E-commerce sales reached 3 and a half trillion dollars in 2019 - the highest number ever for online retailers, and one expected to continue rising throughout the 2020s. Innovations such as one-day shipping and the increased role of personalized recommendations have certainly had an impact on the wider adoption of online retail - and on the increased competition across sectors.
From massive marketplaces like Amazon and Alibaba to individual artisans on Etsy, anyone with an online sales platform is looking for new ways to stand out and provide greater value to their customers. At Scandy, we’re often asked if 3D scanning technology has a place in online stores. The answer is yes - in fact, many of the most appealing features are already available on major platforms like Shopify.
Let’s take a look at a few of the ways 3D scanning is primed to boost online sales, now and into the future.
When you view a product description on Amazon, you’ll typically find at least one 2D photo previewing what’s on sale. Hopefully the seller has uploaded several images, or perhaps even a video of the product in use. Consumers are better equipped to make a purchase when they’re provided this relevant information.
A 3D scan of the product confers benefits beyond photo and video. Shoppers can look at a product from all angles, gaining a better sense of dimension and size than they would through viewing a photograph. We’re already seeing this type of technology being implemented on major e-commerce platforms.
Shopify is just one example: Their AR platform came with considerable announcement hype on their blog, where real-life Shopify retailers showed how they used 3D to improve customer experience. The ability to see a bicycle from every angle via a 3D model, or to take part in AR interior design with virtual products, is now readily available - albeit, at a price.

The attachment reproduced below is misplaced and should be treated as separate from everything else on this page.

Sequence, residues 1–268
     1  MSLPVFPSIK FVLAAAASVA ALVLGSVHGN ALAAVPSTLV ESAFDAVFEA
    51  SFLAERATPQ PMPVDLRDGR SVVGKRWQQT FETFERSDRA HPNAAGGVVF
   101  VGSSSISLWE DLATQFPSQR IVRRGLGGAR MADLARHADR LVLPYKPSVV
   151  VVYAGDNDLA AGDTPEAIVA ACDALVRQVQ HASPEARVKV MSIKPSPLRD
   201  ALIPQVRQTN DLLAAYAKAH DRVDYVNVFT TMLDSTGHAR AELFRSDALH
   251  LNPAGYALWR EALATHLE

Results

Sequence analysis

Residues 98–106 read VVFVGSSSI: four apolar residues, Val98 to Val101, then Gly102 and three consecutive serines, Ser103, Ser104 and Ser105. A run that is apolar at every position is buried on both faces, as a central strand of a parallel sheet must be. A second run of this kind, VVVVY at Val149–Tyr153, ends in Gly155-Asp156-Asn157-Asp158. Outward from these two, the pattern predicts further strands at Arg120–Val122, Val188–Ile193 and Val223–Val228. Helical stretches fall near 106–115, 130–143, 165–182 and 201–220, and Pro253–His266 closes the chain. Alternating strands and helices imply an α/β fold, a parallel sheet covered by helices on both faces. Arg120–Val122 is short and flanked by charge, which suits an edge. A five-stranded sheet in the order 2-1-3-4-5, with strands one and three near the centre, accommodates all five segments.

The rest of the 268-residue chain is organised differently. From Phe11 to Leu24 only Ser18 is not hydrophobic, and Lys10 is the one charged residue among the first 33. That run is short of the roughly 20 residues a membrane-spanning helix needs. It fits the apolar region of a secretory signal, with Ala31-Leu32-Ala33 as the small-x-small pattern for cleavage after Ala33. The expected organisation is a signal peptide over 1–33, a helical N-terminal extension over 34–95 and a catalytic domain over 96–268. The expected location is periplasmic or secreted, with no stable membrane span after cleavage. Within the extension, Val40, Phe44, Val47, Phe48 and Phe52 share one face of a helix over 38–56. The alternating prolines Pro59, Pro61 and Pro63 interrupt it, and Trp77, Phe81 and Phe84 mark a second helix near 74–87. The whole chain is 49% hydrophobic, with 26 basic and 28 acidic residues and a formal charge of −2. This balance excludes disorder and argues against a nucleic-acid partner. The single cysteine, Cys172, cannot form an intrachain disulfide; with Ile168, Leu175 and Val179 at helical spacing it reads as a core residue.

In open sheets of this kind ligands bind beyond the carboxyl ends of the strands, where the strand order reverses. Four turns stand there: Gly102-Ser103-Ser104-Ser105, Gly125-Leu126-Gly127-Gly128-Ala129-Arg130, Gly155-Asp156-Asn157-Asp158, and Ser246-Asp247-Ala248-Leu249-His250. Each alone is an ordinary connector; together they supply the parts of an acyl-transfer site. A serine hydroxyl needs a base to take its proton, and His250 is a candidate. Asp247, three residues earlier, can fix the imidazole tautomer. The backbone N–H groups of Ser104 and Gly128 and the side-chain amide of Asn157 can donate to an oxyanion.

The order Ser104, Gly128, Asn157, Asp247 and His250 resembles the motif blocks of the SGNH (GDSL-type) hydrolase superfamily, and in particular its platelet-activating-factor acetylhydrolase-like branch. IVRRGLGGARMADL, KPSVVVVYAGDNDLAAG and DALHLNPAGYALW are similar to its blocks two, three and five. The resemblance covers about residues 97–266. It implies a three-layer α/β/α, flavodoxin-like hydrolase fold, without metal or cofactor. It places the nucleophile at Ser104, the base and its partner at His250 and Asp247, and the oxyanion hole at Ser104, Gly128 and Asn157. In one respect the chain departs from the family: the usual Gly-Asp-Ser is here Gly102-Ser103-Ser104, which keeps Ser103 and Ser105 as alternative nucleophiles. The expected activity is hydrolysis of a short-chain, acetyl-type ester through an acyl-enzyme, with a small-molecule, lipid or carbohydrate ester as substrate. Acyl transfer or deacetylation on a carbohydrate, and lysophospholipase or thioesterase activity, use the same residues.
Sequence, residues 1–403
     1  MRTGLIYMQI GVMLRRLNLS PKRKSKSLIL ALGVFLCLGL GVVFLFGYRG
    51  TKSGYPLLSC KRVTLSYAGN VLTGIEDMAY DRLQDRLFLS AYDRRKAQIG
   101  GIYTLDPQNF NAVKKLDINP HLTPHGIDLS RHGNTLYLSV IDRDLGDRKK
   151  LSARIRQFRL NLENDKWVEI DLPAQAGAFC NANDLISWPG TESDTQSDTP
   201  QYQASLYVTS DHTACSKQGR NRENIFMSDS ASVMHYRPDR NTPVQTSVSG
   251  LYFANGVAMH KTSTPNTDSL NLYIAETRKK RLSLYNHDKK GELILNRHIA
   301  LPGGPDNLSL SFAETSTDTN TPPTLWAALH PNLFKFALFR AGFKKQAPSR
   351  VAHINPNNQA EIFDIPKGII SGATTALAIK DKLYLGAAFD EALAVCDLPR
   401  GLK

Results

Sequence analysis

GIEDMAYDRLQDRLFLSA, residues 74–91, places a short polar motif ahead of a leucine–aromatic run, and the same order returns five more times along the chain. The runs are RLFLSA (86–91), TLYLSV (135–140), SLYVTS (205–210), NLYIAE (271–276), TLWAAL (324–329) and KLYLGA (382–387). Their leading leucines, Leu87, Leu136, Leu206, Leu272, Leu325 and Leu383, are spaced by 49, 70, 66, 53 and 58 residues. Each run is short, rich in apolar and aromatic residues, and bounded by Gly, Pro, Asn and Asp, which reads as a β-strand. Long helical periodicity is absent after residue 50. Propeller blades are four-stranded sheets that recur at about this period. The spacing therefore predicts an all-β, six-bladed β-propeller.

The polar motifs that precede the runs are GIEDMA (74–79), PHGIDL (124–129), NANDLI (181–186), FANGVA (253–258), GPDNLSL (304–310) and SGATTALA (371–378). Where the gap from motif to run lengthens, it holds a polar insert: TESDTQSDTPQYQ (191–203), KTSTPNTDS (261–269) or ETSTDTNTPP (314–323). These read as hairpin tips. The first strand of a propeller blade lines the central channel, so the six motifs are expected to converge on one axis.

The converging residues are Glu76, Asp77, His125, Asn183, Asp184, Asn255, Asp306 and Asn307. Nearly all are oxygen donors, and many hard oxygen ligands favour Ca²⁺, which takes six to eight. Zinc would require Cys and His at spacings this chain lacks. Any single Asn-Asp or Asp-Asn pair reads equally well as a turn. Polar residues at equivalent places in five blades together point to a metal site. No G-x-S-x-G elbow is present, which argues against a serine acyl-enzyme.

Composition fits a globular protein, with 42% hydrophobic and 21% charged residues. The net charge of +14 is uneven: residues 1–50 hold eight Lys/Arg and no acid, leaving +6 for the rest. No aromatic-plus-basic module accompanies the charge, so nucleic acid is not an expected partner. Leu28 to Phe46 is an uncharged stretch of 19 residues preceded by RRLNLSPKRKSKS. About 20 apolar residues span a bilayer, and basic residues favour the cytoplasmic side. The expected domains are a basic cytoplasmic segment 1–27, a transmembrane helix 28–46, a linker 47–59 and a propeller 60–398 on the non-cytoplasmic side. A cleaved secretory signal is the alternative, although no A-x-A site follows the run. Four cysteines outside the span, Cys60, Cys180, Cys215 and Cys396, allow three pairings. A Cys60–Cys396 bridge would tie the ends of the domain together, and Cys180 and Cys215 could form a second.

Right now, these AR models are created by digital artists, and cost $100 per SKU at minimum - well outside of the price range for most small retailers using Shopify. 3D scanning reduces the cost of creating this type of 3D content, thus allowing greater access to better product previews for retailers of all sizes. Expect to see wider adoption as retailers increasingly seek ways to stand apart from their competition.
The current range of iPhones offer consumer-facing technology that allows for personal scanning. What this means is that anyone with an iPhone can scan parts of their own body to create a 3D representation. There’s a great deal of potential here that online sellers can utilize, particularly when it comes to providing personalized products.
Returns in online shopping are higher than with brick and mortar, at 20% versus 8-10%, respectively. This statistic is particularly pressing for the fashion industry - we’ve all had the experience of buying clothing online, only to return it the same day due to a poor fit.
There’s no issue with ambiguous sizing when products are tailor-made to a person’s size and shape. With a simple 3D scan, a customer could provide a scan of their feet to purchase custom shoes, or do the same with their hands for custom gloves. Moreover, simply having a scan of the shopper’s frame would allow for better sizing recommendations, which are the key to reducing returns and increasing customer satisfaction.
3D scanning won’t completely overturn the way we shop online. Rather, by utilizing scanning technology and the apps already available, shoppers and retailers can ensure better purchases with less returns and more trust than ever before. It’s the kind of technology that gives both retailers and consumers more choice - a true win-win in an era of digital commerce.
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